Sugru Sticks Around For All Your Quick Fixes

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It’s hard for exhibitors to stand out a Maker Faire, especially when you’re competing against umpteen over-hyped 3-D printers, choreographed Coke 2-Liters exploding via Mentos triggers and high-voltage guitar soloists shredding between Telsa coils. But sometimes, it’s the simple, quiet ones that stick out, or in Sugru’s case, stick on.

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Described as the love child of super glue and Play-Doh, Sugru is a multipurpose silicone rubber that self-adheres to almost all materials and can be used to quick fix anything from cracked power chords and broken tool handles to missing pot lid grips and a car’s leaky cooling system.

Out of the package, it feels like modeling clay, but once it cures at room temperature for 24 hours, Sugru hardens, yet still remains flexible. Like other silicones, it’s completely waterproof, plus it can withstand temperatures from -120 degrees Fahrenheit to 356 degrees Fahrenheit.

Developed by Jane Ni Dhulchaointigh, the chewing gum like rubber maintains it’s malleability for 30 minutes after it’s removed from its airtight package before it begins self-curing. Ni Dhulchaointigh says she wants to “make it easy for anyone to adapt, modify, repair and improve their stuff to make it work better for them.”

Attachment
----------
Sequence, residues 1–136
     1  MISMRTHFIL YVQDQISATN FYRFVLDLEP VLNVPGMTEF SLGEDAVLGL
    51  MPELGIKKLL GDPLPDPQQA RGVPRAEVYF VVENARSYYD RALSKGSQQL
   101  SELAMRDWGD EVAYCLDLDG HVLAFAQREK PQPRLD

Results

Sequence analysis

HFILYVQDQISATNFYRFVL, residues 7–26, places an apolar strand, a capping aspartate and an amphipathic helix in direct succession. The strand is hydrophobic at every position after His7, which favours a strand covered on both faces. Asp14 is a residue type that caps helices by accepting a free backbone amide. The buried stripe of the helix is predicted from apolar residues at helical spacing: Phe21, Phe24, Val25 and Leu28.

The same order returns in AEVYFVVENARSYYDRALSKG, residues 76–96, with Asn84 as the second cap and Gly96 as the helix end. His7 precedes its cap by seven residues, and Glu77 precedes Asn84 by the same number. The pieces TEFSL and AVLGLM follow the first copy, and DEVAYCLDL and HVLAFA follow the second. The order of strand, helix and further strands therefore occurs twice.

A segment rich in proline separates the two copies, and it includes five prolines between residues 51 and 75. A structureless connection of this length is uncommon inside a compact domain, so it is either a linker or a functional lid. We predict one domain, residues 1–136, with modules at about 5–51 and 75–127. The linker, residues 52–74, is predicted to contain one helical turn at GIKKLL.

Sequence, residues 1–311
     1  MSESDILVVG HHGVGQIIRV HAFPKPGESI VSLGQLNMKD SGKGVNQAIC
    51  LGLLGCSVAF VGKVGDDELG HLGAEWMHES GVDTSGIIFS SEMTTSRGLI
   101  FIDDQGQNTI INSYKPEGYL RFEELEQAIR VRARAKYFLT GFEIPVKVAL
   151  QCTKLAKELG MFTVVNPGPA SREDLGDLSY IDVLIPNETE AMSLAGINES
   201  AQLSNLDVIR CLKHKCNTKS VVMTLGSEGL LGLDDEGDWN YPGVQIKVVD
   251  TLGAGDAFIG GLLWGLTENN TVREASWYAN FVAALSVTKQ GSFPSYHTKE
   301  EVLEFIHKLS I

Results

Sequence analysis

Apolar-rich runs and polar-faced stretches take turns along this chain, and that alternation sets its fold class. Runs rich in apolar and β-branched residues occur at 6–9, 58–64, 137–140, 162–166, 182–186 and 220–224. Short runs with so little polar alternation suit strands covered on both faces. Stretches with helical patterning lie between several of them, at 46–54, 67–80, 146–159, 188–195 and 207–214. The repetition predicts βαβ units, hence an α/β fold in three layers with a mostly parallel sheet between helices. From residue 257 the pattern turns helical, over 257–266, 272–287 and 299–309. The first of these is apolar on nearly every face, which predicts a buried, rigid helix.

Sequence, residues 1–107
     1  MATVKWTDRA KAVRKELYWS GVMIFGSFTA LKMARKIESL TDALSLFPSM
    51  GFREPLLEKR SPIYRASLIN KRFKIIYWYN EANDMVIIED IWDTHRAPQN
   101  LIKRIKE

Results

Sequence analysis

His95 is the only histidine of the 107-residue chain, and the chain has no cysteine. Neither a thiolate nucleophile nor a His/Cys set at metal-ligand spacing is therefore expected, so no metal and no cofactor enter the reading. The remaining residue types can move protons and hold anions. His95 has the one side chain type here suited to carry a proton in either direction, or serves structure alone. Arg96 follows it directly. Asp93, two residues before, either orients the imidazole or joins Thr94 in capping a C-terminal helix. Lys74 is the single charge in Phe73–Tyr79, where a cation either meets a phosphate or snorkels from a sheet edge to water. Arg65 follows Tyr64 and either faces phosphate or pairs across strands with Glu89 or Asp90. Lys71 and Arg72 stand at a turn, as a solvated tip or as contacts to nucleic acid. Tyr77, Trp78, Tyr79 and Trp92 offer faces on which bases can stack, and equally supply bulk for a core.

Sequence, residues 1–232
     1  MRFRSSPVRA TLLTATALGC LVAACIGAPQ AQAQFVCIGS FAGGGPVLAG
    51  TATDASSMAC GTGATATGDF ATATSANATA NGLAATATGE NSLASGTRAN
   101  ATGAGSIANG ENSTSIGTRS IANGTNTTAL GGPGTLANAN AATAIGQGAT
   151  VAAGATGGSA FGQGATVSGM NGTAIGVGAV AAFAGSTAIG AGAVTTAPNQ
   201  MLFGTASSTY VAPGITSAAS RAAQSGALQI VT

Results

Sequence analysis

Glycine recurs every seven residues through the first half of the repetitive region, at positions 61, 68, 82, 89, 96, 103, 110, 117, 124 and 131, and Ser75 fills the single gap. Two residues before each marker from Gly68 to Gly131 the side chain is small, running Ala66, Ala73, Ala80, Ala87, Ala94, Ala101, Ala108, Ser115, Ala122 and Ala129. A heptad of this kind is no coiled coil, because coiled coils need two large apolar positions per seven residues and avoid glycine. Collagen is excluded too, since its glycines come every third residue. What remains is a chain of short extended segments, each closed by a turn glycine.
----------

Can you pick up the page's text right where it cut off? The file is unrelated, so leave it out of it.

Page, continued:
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Taking advantage of prime real estate smack dab in the middle intersection of the main expo hall, Ni Dhulchaointigh and her colleagues humbly maintained steady crowds of curious onlookers all weekend at the 2013 Maker Faire in San Mateo, Calif.

Because I’ve personally had a power cord ruined after exposed wires near the plug caused sparks to fly, I was particularly fond of Sugru’s cord reinforcing capabilities. On hand, developers had a variety of user-submitted examples of their product in action. For example, one man used Sugru to drop-proof his camera so his young child couldn’t break it.

Sugru comes in 5 colors and 8 mini packs costing $18, plus shipping and handling. So if you’re tired of waiting for your 3-D printer to painstakingly print a new grip for your pot lid, layer by layer, why not tear open a pack of Sugru and start making a new one right away?

Credit: Sugru

 

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